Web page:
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You've probably seen someone walking with a service dog at some point. But emotional support squirrels might be new to you. So too, emotional support pigs. And you may not be familiar with therapy kangaroos. Therapy kangaroos? Yes, therapy kangaroos.
The expanding zoology of service, therapy, and emotional support animals can put small business owners in a bind. You want to be as accommodating as possible, especially to any customers that may have disabilities. But at what point does your business become a petting zoo? And what about health codes that regulate the services you provide? So, here are the biggest questions, and some answers, for small business owners when it comes to allowing or banning service and emotional support animals.
An animal is an animal, right? Well, not according to the Americans with Disabilities Act. The ADA regulates accommodation for disabled persons in employment, transportation, and public accommodations. And under Department of Justice guidance, only dogs that are individually trained to do work or perform tasks for a person with an ADA-approved physical, mental, or emotional disability are legally protected as service animals. All other animals, despite the emotional benefits they may provide their owners, are considered pets.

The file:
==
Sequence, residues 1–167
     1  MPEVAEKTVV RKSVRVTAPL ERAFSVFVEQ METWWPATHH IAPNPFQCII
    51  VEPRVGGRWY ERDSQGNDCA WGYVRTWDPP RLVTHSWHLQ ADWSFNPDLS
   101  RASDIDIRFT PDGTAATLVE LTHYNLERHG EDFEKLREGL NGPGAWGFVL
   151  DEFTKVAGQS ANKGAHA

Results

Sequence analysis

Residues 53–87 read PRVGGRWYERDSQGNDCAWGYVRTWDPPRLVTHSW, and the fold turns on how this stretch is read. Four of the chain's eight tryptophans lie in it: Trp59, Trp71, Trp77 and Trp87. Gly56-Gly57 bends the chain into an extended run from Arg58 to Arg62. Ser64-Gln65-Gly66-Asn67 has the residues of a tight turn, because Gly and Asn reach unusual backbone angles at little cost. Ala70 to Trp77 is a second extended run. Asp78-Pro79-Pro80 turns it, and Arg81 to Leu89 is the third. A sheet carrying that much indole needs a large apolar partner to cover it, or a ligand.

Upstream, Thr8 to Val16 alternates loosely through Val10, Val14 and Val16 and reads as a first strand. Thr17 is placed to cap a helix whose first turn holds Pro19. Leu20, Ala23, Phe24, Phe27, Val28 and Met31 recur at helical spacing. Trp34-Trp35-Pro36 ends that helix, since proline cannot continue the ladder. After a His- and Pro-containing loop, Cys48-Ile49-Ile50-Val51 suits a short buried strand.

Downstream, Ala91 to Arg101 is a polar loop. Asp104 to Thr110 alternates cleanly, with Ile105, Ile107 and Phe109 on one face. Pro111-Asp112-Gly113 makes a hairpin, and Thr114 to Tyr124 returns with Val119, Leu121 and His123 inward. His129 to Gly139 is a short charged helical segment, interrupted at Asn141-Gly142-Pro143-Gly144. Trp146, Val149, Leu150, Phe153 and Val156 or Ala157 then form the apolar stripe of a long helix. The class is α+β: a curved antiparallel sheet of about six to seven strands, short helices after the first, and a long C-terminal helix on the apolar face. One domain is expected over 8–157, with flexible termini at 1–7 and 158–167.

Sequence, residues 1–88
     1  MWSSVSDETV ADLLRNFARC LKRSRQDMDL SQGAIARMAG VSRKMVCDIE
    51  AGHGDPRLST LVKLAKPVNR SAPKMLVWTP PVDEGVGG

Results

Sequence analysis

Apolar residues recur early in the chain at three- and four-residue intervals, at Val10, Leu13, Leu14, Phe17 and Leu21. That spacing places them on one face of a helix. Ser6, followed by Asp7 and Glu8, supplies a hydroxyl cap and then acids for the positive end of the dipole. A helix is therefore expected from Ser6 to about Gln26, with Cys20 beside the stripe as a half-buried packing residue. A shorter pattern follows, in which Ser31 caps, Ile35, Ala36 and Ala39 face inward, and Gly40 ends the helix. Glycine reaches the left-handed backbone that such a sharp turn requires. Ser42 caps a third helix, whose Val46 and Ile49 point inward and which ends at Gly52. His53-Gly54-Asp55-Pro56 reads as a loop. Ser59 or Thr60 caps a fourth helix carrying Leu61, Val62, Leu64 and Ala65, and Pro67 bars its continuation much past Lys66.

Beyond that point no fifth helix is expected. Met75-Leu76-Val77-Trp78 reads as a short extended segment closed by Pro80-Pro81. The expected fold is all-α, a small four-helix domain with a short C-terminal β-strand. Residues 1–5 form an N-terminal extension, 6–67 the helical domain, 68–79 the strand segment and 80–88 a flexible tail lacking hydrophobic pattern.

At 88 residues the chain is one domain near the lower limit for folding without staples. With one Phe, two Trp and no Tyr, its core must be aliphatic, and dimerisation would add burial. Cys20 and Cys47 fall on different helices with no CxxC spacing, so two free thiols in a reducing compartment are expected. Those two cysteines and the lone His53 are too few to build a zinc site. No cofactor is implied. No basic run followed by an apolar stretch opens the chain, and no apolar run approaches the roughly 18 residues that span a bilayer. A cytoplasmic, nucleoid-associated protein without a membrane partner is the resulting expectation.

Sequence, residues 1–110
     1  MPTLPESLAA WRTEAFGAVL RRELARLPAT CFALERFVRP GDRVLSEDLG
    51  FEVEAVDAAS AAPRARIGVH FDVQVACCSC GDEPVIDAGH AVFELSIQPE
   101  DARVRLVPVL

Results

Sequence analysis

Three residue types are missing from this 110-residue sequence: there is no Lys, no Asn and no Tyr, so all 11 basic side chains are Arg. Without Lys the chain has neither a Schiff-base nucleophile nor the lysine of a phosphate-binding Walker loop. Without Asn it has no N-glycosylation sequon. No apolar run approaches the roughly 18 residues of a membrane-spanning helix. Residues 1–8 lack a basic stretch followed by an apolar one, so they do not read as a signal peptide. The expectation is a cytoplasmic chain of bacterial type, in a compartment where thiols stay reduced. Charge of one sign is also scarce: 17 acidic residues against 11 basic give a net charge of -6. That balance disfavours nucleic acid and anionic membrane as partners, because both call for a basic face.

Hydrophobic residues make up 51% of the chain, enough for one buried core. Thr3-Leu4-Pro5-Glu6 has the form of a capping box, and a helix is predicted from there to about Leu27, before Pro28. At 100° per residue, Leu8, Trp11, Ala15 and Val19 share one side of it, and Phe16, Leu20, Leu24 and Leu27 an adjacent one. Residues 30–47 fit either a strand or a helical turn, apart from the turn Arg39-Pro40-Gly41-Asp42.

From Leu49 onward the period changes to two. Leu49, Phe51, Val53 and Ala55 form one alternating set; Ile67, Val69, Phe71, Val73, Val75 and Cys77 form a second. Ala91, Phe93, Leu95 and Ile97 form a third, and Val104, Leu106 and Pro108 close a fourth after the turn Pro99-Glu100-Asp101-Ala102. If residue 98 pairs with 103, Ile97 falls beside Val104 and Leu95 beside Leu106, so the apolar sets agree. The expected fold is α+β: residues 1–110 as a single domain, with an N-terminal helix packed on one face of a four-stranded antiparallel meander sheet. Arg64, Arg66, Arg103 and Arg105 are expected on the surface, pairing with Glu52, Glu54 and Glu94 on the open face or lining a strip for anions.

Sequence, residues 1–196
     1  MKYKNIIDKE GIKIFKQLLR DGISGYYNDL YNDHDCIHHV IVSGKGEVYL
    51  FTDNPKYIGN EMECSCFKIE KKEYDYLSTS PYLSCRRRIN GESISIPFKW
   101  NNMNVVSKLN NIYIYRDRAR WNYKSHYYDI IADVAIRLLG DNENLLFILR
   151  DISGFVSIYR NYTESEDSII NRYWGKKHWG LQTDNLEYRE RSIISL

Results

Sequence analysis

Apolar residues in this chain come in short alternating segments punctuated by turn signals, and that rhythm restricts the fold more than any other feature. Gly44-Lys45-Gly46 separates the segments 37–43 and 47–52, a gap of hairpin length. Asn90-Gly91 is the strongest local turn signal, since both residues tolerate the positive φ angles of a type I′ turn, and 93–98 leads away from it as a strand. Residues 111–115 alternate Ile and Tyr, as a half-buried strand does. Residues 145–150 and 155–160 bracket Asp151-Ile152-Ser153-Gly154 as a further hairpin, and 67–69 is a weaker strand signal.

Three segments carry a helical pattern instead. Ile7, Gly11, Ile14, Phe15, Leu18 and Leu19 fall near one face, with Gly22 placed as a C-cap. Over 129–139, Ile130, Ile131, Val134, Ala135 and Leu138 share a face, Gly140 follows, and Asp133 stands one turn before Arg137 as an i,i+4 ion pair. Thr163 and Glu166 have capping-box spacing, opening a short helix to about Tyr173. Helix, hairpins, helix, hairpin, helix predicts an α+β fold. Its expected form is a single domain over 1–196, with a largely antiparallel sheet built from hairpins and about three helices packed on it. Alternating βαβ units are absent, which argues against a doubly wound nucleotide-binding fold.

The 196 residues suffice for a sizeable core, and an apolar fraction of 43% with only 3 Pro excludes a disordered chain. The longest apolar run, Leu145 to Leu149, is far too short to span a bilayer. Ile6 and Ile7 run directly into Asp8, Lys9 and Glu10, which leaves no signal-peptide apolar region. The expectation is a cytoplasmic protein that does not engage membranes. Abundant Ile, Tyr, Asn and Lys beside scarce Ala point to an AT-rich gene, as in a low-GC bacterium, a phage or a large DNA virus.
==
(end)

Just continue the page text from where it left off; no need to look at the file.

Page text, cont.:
So, how do you verify whether a dog is properly trained and the owner has an actual disability? You can't, really. The ADA has ruled that employees at a business "are not allowed to request any documentation" for a purported service dog. While business owners can legally ask if the animal is a service dog animal required because of a disability, certification isn't necessary for an animal to be a service animal, and disabled people are not required to carry documentation of their medical conditions or disabilities. So, paperwork cannot be a condition for allowing a service animal in.
Unless a specific service animal has indicated it will be a danger to the business or other customers, they must be permitted to accompany their owners. And this danger must be based on certain facts, like growling or snarling, and not on general suspicion of an animal. So even blanket "no pets" prohibitions must give way to service animals, unless the animal poses an injury risk.